Cultural clubs continue to celebrate virtually


ASA members work to uphold the same enthusiasm of meetings virtually.

Image of LSA club dancing.
LASO members participate at
2020 Pachangas.

During Sept. 2019, students could shimmy through the buzzing students in the cafeteria and step into the foyer to see members of Latin American Student Organization (LASO) hosting a Latinx-related questionnaire on a table dotted with colorful Calavera stickers, Hispanic trivia and manned by smiling faces.

This year, the same white table used by so many cultural clubs to educate students was folded up in a lonely closet somewhere in the school. In its wake, there were no faces to smile—no culture to share. 

Although members and advisors eventually found ways to overcome their hurdles, the start of this school year was tough for cultural clubs. 

Whether it be a lack of activities or a lack of comfort in the Zoom environment, one thing is clear: Nothing feels the same. 

According to Sophia Mei (12), a member of Asian Student Association (ASA), cultural clubs are meant to educate anyone willing and able to celebrate various cultures. However, due to the pandemic, these goals have become harder to achieve. 

“I think not a lot of people show up because of Zoom, it is kind of awkward.” Kayla Moy (12), another member of ASA, said.

This symptom of awkwardness in Zoom calls can also lead to less in-depth discussion and celebration. 

“It’s definitely different because last year, we were able to share snacks in person and try different culture’s foods, but now we can’t. Over Zoom, it’s also harder to discuss than in person, especially when you talk about social issues,” Moy said.

For Orlando Alas Sandoval, a freshman, adjusting to the virtual setting of the club was a “real hard hit,” that deviated from the reality he had hoped for, but he still felt that the club provided a way for him to communicate with his friends in a more casual setting. 

“We are more open in the club. In my case, I don’t normally talk that much during class, but in the club, I do talk a lot,” Sandoval said.

Many of the cultural cubs found ways to adapt in their new environment to ease the awkwardness and tension.

To familiarize members with each other, for example, some cultural clubs opted to play games together. 

Alas Sandoval and Moy said they played the popular mobile game “Among Us,” in their respective clubs and members of Laso played an online version of Lotería, a Hispanic game similar to bingo.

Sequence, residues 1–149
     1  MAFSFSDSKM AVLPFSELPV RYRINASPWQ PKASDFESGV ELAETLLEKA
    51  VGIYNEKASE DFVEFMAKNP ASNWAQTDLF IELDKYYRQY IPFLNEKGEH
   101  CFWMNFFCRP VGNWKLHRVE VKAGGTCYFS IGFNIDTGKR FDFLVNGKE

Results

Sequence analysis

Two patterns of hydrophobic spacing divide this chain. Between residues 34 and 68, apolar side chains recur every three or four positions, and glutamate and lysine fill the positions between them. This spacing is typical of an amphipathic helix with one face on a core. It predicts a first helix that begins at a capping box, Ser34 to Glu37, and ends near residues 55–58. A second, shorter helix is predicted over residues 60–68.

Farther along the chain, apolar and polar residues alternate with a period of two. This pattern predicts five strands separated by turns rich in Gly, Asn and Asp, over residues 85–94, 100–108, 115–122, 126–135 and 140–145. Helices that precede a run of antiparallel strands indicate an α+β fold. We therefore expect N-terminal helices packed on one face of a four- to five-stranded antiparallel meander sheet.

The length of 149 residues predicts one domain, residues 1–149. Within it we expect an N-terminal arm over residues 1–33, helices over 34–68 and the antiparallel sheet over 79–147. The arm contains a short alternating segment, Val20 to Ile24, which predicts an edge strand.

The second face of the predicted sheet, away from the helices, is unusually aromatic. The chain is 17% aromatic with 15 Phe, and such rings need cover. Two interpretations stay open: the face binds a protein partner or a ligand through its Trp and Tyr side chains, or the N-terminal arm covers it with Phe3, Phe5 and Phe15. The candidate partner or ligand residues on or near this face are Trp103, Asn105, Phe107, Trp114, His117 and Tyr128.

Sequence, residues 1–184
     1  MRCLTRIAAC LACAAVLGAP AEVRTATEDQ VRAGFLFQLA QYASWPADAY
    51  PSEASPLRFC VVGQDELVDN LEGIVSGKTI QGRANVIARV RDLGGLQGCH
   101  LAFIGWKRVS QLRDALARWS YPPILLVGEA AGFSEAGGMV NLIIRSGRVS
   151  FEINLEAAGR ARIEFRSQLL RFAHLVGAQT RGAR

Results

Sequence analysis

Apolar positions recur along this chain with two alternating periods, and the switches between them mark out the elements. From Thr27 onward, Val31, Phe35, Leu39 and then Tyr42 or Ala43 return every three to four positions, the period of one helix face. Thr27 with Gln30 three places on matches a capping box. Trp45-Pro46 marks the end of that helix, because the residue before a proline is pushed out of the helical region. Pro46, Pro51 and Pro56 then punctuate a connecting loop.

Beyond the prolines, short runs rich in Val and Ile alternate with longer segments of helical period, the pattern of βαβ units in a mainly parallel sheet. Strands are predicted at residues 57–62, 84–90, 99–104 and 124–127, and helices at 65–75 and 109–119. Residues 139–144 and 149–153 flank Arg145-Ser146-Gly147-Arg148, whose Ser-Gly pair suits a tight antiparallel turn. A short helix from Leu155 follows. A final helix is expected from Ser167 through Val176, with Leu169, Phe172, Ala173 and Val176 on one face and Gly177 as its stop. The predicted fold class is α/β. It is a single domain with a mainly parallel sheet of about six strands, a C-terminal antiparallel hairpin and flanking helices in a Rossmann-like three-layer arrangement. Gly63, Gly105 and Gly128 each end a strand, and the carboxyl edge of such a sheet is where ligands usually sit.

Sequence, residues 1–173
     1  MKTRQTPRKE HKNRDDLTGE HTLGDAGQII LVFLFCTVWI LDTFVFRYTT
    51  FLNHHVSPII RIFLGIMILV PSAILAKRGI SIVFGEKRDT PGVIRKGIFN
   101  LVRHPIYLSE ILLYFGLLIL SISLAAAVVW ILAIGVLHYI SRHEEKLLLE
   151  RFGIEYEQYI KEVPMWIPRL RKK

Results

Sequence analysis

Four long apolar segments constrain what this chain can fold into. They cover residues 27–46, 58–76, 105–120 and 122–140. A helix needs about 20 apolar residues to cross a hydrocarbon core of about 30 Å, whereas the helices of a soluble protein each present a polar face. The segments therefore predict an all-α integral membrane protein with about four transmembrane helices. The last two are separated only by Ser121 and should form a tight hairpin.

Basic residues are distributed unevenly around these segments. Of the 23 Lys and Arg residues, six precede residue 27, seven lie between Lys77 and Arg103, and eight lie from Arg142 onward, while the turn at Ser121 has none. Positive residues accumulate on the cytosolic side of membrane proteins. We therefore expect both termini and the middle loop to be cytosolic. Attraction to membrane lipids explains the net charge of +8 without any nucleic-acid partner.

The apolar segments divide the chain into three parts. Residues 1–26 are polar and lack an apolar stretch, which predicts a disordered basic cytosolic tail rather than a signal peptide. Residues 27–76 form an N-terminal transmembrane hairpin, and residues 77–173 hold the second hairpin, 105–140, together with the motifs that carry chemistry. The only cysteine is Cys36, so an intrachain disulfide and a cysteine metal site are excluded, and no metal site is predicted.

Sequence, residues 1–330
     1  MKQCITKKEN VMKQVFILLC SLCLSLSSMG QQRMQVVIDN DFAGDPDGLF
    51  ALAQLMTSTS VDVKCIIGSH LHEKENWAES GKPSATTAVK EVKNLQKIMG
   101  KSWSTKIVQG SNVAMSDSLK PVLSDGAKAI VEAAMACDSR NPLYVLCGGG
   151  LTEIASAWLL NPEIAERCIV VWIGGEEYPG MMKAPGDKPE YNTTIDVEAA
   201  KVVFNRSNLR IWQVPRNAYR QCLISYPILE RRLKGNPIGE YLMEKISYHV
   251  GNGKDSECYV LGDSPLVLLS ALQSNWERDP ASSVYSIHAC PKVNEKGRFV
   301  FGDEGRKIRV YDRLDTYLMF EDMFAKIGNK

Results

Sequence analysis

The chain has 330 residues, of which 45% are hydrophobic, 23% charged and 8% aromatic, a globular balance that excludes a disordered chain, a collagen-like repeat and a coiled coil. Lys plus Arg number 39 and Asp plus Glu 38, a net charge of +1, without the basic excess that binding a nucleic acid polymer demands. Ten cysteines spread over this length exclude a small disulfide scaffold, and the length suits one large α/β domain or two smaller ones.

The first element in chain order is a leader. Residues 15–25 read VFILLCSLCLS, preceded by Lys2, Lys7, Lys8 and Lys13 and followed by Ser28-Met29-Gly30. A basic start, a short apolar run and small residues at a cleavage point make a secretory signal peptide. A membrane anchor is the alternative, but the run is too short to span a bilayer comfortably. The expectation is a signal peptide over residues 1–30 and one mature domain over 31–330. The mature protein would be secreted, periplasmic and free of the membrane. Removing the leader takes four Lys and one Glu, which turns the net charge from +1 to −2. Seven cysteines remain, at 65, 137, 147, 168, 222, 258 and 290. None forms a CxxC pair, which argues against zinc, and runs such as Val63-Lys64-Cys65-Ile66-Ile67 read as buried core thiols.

Moy added that in ASA they also watched movies to celebrate the Chinese New Year. 

Some clubs have also thought of ways to turn the situation on its head and use it as an advantage rather than a hindrance as the year went on. 

Ms. Rebeca Garcia, an advisor for LASO, said that the virtual setting actually led them to communicate with other Latinx clubs, an activity which would usually require a bus to get to. 

“We had the opportunity to meet with other Latinx clubs from surrounding high schools to collaborate and plan virtual ‘Pachangas’ (parties),” Ms. Garcia said. “This has allowed students to connect with other Latinx students with shared interests.

Ms. Shoshanna Candela, the advisor for Jewish Student Union (JSU), said the students decided to continue what otherwise would have happened in a physical setting through brainstorming a virtual solution.

“Our presidents organized a JSU Challah Bake where they dropped off ingredients at student’s houses, and then we prepared the challahs together in our own kitchens,” Ms. Candela said. 

Alas Sandoval agreed that the importance of cultural clubs cannot be overstated. Alas moved here from El Salvador, and he used to live in Mexico, as well, and he felt that LASO gave him comfort. 

“The clubs can create a way for international students like me, to go in a place and feel comfortable,” Alas Sandoval said. “It is also a good way to let the school know that we’re here, we’re present and we’re not going anywhere.”

Many more cultural clubs have found their own ways to celebrate the culture of students in a virtual setting. Check out how clubs like Indian Student Association, Black Student Union, Muslim Student Association and the Student Diversity Council are adapting at